Many of the tiny homes we've come across have interesting backstories, but this model for living small is particularly unusual. The "Freedom Room" is a 116-square-foot fully-functional space created by Aldo Cibic, Tommaso Corà and Marco Tortoioli Ricci. These Italian designers make up the Cibic Workshop and worked alongside design collaborative Comodo. But the most surprising consultants on the project were inmates from one of Italy’s high-security prisons in Spoleto.
According to the team, these citizens are the ideal candidates for weighing in on flexible and adaptable living environments. Their hope is that the designs will serve as models for innovative housing for student facilities, hostels, low-cost homes or even future jail cells. The inmates' experiences in their own small quarters allow them to think critically about efficient living since, as a press release for the project says, their cells must be "a kitchen, a room, an office, a playroom, a closet, a gym, a library and much more all at the same time." Tiny home inhabitants must become creative, and many reinvent their space and permanent fixtures, like repurposing a table as a gym. Architizer reports that "many a Spoleto cell is lined with shelving made from cigarette cartons -- a lifehack born of necessity."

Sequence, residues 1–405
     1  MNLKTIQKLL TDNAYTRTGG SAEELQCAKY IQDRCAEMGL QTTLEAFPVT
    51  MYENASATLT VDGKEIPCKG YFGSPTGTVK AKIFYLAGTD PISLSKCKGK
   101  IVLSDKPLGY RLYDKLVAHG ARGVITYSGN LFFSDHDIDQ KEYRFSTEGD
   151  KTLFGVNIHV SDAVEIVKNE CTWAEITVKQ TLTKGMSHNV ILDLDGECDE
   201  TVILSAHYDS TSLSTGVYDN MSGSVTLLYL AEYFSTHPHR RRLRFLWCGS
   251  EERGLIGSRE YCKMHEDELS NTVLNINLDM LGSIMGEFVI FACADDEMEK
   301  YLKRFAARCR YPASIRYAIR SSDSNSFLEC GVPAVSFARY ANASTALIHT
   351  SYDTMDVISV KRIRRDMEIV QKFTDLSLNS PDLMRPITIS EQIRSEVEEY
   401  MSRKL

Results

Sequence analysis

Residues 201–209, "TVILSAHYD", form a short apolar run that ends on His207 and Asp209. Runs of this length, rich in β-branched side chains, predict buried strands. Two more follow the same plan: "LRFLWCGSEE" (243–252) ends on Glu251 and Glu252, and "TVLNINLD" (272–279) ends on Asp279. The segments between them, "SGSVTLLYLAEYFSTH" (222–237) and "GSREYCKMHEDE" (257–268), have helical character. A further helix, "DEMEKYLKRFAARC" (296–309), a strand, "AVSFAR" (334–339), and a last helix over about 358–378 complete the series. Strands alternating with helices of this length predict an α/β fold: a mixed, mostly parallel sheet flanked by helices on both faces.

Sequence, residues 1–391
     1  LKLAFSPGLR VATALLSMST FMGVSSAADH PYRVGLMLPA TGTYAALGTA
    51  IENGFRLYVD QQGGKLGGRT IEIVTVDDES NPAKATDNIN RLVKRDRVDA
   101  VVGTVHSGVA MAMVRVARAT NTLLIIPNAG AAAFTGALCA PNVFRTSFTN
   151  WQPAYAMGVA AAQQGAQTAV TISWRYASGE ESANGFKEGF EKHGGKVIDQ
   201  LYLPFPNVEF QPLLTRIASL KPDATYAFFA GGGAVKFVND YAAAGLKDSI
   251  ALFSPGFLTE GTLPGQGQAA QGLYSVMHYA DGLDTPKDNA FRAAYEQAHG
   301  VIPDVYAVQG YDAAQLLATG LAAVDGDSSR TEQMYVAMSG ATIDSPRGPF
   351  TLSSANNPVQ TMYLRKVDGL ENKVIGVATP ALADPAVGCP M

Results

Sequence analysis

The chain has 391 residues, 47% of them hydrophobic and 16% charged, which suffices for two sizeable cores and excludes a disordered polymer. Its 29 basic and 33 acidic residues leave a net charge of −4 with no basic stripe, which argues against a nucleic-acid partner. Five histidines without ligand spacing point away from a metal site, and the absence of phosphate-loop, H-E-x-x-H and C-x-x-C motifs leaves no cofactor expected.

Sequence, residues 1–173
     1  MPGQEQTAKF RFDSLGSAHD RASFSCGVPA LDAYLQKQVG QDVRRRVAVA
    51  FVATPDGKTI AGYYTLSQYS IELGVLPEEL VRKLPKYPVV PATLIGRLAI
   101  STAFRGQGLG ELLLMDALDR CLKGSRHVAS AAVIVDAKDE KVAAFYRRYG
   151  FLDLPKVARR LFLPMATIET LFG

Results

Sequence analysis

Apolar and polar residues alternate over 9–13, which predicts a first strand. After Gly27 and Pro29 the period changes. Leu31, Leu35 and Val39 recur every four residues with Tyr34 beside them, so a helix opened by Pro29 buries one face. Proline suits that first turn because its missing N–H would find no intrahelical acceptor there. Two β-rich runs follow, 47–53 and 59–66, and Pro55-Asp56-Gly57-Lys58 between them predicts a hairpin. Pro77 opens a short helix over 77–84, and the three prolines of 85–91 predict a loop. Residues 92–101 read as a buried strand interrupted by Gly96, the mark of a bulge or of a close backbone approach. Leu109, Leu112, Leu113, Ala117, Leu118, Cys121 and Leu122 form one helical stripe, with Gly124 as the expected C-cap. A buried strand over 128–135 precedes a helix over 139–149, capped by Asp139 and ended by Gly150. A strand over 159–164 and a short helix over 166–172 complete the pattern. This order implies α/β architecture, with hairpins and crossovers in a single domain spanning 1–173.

This isn't the first time we've heard of prisoners being utilized in design. American furniture companies like Lilise Designer Resale in New Hampshire enlist local inmates to produce their goods in exchange for wages.
Do you have a home story idea or tip? Email us at firstname.lastname@example.org. (PR pitches sent to this address will be ignored.)